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Integrating nutrition and antenatal care: a reproductive health perspective

Sarah Neusy is an Obstetrician-Gynecologist and Reproductive Health Advisor with Save the Children UK.

I read with a great interest Mike Golden’s article.1 His view makes a lot of sense and it is refreshing and somehow hopeful to see this kind of global understanding of (reproductive) health coming from the nutrition world.

Indeed, I am concerned by the segregation between health and nutrition sectors that can exist in the field during emergency responses. Without having real expertise in nutrition myself, it is clear that it is impossible to be in good health without being well-nourished, and no improvement of a patient’s nutritional status will be reached if  the associated disease is not taken care of too.  The nutritional status and micronutrient deficiencies of the pregnant woman affect directly the foetus, and therefore the newborn birth weight and child health, as well as the mother’s own chances of survival. Antenatal care consultation (ANC) provided to the pregnant woman by a skilled staff, starting during the first trimester, and continued through the nine months of pregnancy, is of paramount importance to prevent maternal mortality and morbidity. This will allow skilled health staff to identify early danger signs related to pregnancy and to refer or follow the woman accordingly.

Some aspects of the nutritional status of the pregnant woman are already taken into account by the midwife during an ANC visit. Anthropometric measurements of the pregnant woman are indeed part of the midwife’s tasks during the first visit. Weight and height will be measured and followed during pregnancy; through the mother’s weight gain, midwives will follow the mother’s health and foetal growth. From these measures, they will also be able to predict any foetopelvic disproportion leading to potential life threatening situations for both and refer the woman, as appropriate, for caesarean section. The mid-upper arm circumference (MUAC) measure could be taken too during the first ANC visit.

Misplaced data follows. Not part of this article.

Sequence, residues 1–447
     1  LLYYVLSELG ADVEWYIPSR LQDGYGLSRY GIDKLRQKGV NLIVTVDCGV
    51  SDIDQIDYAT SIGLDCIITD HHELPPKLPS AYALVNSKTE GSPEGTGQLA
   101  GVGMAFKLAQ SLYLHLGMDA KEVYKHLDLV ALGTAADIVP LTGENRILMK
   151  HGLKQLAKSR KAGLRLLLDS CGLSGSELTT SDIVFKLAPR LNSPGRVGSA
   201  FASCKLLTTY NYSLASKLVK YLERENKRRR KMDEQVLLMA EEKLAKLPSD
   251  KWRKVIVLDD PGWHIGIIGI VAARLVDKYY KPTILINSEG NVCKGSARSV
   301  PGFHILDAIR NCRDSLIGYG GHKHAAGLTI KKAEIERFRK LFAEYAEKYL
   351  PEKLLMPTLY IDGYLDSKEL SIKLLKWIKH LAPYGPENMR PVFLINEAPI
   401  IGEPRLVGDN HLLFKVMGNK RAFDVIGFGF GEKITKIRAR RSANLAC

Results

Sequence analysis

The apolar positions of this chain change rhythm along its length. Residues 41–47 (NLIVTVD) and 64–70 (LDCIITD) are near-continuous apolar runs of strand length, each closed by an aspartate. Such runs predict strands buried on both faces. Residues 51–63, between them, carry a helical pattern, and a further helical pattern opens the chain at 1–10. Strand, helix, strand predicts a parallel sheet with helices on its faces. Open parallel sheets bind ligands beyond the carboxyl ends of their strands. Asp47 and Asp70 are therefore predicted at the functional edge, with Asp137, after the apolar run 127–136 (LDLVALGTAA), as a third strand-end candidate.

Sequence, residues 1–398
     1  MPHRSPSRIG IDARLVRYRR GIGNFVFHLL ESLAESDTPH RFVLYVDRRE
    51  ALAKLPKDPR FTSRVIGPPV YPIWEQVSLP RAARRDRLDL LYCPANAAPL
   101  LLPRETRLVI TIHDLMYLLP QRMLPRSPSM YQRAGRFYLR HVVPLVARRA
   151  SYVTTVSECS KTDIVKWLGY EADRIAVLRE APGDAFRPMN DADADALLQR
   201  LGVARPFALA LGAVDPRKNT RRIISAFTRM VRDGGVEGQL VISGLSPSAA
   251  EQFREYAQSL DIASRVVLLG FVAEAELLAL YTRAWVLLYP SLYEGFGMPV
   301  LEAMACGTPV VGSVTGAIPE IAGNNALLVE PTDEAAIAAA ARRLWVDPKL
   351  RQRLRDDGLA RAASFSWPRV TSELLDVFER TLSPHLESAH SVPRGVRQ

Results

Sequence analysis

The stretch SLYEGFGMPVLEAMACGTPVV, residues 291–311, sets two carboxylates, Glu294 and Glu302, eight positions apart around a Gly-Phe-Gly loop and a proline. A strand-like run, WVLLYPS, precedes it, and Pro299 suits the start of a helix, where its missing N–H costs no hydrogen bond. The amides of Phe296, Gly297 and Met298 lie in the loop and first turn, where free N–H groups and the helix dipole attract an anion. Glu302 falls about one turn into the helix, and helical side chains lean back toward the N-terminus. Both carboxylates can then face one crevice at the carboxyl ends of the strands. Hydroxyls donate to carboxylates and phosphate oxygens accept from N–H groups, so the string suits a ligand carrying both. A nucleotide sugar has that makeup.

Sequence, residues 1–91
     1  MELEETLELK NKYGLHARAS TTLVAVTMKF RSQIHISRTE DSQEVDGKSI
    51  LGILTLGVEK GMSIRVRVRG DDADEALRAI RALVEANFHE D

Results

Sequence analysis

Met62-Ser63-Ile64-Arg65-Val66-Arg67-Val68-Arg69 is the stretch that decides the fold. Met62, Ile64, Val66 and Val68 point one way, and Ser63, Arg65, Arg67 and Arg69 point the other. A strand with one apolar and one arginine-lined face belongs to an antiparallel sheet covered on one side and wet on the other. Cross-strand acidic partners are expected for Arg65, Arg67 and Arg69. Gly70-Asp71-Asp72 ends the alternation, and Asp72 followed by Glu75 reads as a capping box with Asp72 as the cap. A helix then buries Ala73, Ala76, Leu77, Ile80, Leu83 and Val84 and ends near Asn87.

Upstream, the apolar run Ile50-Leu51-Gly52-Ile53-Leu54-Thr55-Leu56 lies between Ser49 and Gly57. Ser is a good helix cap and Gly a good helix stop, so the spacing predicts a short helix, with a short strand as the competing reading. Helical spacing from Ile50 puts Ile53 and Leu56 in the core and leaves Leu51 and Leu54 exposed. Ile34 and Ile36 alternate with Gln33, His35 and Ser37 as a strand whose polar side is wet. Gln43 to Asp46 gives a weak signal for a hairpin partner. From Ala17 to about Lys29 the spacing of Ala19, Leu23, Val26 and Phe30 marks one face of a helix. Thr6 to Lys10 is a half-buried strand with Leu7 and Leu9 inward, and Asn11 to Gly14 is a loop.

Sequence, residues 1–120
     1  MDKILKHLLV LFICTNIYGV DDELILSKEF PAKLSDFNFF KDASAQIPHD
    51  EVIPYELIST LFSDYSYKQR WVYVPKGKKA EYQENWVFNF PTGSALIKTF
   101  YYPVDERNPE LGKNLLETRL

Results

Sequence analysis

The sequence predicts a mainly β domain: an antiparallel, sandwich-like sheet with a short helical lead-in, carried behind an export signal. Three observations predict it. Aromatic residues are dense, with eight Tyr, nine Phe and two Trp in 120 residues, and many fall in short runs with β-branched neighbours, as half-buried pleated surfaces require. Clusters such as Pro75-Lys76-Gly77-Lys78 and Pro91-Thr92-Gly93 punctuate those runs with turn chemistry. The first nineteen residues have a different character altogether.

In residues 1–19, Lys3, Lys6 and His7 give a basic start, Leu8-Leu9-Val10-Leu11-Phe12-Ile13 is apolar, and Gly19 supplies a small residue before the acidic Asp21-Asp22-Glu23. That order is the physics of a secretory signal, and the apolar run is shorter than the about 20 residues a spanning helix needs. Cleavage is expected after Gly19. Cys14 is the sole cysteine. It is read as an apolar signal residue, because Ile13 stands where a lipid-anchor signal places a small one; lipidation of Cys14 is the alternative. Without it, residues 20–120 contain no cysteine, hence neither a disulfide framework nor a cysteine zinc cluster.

Each pregnant woman will also be dewormed and supplemented with oral iron (Fe) to fight anaemia (low haemoglobin level (Hb)); 1 month Fe supply is usually provided, to encourage the woman to attend ANC the following month and take more supplies. In 80% of cases where mortality occurs, pregnant women will die around delivery time and mostly from haemorrhage. In Niger,2 for example, the average number of children per woman is seven, and many girls are married at 12 years old with the prospect of a multitude of potentially life threatening obstetric complications. Chronic anaemia, and chronic severe anaemia (Hb<7g/dl), are very common, resulting from this high number of pregnancies (acute blood losses) as well as infectious diseases (malaria) and a poor quality diet. The most serious complication arising from chronic anaemia is tissue hypoxia, which can lead, with the next blood loss or the next malaria crisis, to decompensation, multiple organ failure, shock and death of the woman.

Here are some examples to illustrate the importance of ANC during pregnancy as a mean to decrease maternal mortality and morbidity, as well as nutrition aspects already integrated within sexual and reproductive health activities. So advocating for women’s nutrition to be further integrated into sexual and reproductive health (SRH) clinics makes perfect sense to me. The need for a multidisciplinary approach is already a concept that should be part and parcel of every SRH team; the midwife, the obstetrician-gynaecologist or the doctor with obstetrical skills, the psychosocial worker or psychologist (for sexual and gender based violence cases, for instance), all working together to offer a full spectrum of care to the woman… a nutritionist could easily supplement this core team, overseeing maternal nutrition and ensuring the communication and referral mechanisms with the co-existing nutrition programme if needed.